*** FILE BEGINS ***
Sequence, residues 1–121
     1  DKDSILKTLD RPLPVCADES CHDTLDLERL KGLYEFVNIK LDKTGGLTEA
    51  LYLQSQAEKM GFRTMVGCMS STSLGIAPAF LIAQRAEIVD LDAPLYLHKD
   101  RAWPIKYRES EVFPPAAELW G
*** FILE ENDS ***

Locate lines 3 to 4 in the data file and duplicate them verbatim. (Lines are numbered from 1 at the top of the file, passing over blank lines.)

    51  LYLQSQAEKM GFRTMVGCMS STSLGIAPAF LIAQRAEIVD LDAPLYLHKD
   101  RAWPIKYRES EVFPPAAELW G